576030_10151957016835634_639006807_nWe have all heard the saying “I would rather be luckey than good.”

I will take a team of average talent with great attitude over a handful of indiffernt superstars any day of the week.

In The London Telegraph an article stated

“The vast majority of businesses value a positive attitude to work over a perfect
set of qualifications in job interviews.”

You can teach skills. You can’t teach people to have a good attitude.

One of my favorite quotes reads……

The longer I live, the more I realize the impact of attitude on
life. Attitude, to me, is more important than facts. It is more important than
the past, the education, the money, than circumstances, than failure, than
successes, than what other people think or say or do. It is more important than
appearance, giftedness or skill. It will make or break a company… a church…
a home. The remarkable thing is we have a choice everyday regarding the attitude
we will embrace for that day. We cannot change our past… we cannot change the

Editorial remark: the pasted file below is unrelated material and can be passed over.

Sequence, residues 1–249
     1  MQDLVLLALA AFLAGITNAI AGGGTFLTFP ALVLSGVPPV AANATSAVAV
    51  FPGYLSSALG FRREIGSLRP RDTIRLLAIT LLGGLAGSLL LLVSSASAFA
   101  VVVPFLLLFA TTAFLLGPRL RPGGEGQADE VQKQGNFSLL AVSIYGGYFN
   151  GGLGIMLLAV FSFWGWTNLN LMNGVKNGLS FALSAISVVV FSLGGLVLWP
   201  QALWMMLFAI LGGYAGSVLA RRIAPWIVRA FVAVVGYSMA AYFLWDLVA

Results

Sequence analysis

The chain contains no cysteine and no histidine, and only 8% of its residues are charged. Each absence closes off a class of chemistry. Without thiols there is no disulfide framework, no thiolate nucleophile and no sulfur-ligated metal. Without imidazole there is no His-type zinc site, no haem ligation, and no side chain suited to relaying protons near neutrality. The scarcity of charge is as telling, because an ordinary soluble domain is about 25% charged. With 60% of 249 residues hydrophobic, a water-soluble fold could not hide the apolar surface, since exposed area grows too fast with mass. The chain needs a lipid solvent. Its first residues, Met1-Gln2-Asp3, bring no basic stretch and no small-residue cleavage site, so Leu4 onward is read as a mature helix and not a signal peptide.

fact that people will act in a certain way. We cannot change the inevitable. The
only thing we can do is play on the one string we have, and that is our
attitude. I am convinced that life is 10% what happens to me and 90% of how I
react to it. And so it is with you… we are in charge of our Attitudes.”

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Every Day You Get a Another Chance to Make a First Impression….


I drove to Washington, NC last week to speak at leadership conference. If you have never been, it is a beautiful little town on the Pamlico Sound in the heart of North Carolina’s Inner Banks.

washington_nc1

As I got to town I needed to get some gas and stopped at the first station I came to. The young man behind the glass was conversational and made me feel as though he appreciated my business.  I mentioned the drive in and he asked me about my trip, welcomed me to town and wished me luck the next day.

I arrived at my hotel and the woman who checked me in was the same way. I was on the second floor, they had no elevator, and she offered to watch some of my things while I carried some of them up the stairs.  I managed all at once, but made a mental note that it was a nice gesture.

I was beginning to like this Little Washington town after just two contacts.